EDITORIALS

Helping business cut electricity consumption boosts profits

Posted May 23, 2011, at 10:37 p.m.
Last modified May 24, 2011, at 9:56 a.m.

Imagine a consultant analyzes how your business operates. His or her recommendations show how you can eliminate 20 of your 100 employees and still produce the same number of widgets and bring in the same amount of revenue. That recommendation would translate into an immediate and substantial boost to your bottom line.

The downside in this scenario is that 20 people would lose their jobs. But what if the consultant could show you how to cut your electric consumption by 20 percent? Some of the recommendations would focus on how your business operates. Another component would include a 33 percent rebate for the more efficient equipment you’d need to buy. The savings, just like those from the cut jobs, goes immediately to the bottom line, and remains there, year after year.

The Efficiency Maine Trust, a program operating in Maine since 2003, provides engineering consultation and equipment rebates to achieve electricity savings. Not only does it do so for businesses, but it also offers these services to residents.

The catch is that Efficiency Maine Trust is funded through a charge on electric bills. A PUC-approved plan that needs legislative approval would increase the charge from an average of 75 cents per monthly residential bill to $1.13 per month in 2012 and $1.82 in 2013. The new rate would generate $31 million by 2013.

Supporters note that replacing a 100-watt incandescent bulb with a compact florescent bulb saves about $1.66 per month, thereby off-setting the increase.

Republicans aiming to help Maine businesses must embrace the expansion of this program. Among its beneficiaries are ski areas, for whom Efficiency Maine Trust engineers helped reconfigure water lines in snow-making equipment. So are boat builders, whose electric-intensive mold-injection systems were improved. So was Maine Wild Blueberries, a company operating in Washington County; New Balance, which operates in central and western Maine; Moody’s Auto Body & Collision Repair in Southern Maine, operated by former gubernatorial candidate Shawn Moody; and Marden’s Surplus & Salvage, the company for which Gov. LePage last worked.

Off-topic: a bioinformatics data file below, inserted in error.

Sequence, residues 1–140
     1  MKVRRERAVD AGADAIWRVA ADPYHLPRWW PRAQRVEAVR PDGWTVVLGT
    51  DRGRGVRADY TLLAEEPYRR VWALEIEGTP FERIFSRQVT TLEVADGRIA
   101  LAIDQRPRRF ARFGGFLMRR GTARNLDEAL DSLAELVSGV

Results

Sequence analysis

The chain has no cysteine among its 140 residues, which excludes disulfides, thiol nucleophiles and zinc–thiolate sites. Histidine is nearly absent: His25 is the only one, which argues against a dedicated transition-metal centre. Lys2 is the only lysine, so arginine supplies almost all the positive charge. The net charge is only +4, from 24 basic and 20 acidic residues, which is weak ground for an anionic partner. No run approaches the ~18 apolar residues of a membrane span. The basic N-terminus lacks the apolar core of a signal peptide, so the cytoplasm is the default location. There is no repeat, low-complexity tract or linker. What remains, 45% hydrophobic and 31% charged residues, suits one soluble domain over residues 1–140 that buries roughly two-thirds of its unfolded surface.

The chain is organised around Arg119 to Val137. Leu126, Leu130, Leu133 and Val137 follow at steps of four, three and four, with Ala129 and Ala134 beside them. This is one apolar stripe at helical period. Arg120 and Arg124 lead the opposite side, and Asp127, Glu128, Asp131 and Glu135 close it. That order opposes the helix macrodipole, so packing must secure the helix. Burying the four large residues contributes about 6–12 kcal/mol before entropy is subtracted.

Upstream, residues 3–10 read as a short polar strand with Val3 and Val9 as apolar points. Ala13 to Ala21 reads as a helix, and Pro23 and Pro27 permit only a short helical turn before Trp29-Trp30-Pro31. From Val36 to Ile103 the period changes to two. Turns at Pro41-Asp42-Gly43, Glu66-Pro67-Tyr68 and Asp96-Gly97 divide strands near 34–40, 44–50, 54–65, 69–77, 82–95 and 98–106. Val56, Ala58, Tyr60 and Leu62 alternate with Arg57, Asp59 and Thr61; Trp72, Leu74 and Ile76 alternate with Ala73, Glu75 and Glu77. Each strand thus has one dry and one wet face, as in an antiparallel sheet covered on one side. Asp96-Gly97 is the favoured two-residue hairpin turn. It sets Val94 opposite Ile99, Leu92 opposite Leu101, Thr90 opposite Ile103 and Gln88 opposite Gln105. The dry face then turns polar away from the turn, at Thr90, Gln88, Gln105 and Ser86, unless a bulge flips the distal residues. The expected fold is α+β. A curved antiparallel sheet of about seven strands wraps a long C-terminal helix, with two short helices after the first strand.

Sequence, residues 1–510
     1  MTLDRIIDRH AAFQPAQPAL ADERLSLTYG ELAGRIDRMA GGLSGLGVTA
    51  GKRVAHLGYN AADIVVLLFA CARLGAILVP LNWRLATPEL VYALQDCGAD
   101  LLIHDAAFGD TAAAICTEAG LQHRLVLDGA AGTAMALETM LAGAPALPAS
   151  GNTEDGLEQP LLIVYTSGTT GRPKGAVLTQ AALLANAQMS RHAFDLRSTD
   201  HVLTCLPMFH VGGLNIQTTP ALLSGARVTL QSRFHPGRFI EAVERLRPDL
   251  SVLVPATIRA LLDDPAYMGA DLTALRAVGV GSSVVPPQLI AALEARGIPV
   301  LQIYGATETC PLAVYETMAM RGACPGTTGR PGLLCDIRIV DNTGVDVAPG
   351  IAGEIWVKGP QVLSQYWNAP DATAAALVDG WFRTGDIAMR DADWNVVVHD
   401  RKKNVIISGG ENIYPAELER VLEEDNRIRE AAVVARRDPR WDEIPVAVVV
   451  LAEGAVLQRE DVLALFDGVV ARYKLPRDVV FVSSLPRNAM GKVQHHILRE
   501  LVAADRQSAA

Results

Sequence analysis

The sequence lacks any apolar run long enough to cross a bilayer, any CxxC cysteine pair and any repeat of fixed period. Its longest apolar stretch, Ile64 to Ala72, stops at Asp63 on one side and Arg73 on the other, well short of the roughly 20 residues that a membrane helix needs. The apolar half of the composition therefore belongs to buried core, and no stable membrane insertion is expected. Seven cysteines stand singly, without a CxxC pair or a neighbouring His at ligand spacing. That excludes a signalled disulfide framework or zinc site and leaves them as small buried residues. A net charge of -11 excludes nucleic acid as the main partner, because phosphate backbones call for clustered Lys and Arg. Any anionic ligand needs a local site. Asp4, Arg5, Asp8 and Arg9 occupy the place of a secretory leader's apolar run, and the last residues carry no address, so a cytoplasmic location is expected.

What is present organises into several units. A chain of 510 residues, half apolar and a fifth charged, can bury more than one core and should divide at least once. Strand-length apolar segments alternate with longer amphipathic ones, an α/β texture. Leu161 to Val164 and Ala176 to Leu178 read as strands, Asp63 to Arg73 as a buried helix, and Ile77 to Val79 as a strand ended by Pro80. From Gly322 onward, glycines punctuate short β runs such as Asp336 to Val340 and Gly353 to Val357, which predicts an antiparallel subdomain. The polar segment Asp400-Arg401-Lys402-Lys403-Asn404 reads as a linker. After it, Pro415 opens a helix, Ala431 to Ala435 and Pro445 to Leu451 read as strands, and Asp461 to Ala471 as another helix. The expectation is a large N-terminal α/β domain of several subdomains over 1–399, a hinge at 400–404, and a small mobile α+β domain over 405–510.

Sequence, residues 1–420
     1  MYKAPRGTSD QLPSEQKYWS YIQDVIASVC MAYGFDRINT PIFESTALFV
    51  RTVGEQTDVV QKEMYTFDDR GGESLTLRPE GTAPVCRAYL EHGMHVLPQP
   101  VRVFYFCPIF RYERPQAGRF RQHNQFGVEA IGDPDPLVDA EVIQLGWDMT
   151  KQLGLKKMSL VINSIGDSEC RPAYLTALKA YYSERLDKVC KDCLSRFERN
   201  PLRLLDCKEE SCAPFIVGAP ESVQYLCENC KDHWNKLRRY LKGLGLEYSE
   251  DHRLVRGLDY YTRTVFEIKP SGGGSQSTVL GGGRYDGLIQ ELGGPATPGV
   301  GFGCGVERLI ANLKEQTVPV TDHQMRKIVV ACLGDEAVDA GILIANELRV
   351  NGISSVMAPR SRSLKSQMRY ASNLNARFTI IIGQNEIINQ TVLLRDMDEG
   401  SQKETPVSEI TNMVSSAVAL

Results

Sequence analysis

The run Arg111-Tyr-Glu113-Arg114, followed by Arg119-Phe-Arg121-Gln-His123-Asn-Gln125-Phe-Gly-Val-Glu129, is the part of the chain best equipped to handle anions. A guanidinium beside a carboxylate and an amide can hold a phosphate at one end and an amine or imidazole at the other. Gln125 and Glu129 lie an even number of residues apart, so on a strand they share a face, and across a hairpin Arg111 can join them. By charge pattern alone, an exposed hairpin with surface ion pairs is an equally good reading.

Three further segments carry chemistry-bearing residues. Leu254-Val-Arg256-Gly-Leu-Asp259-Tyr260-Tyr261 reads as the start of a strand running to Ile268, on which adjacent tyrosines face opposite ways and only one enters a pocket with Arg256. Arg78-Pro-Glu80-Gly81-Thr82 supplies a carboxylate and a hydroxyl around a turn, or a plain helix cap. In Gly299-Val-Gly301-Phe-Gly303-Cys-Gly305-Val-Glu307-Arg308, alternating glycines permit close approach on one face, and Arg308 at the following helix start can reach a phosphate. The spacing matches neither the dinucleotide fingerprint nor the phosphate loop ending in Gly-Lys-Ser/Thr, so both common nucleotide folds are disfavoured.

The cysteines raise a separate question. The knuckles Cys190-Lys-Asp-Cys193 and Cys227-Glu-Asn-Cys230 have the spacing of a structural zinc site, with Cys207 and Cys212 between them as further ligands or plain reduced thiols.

The Brewer Marden’s spent $65,700 upgrading lighting, of which $21,500 was reimbursed by Efficiency Maine. The work is projected to save $236,300 over its project life.

It can be a difficult concept to grasp, but electricity not used is a better “buy” than new electricity generation. For proof, weigh the cost of cutting consumption (the fee on electric bills to fund efficiency programs) against building a $10 billion nuclear power plant (which would take more than a decade to construct). Furthermore, the efficiency fixes the program pays for are carefully audited by third parties to ensure they work; these are not feel good, “green-washing” changes.

Proponents note that efficiency programs have been embraced by governors of both parties in other U.S. states. Nova Scotia, with a significantly smaller population than Maine, sets aside $150 million each year for its program, five times the size of what the Maine fund would have if the increase is approved.

It’s a choice Maine and its pro-business governor and Legislature also should make.

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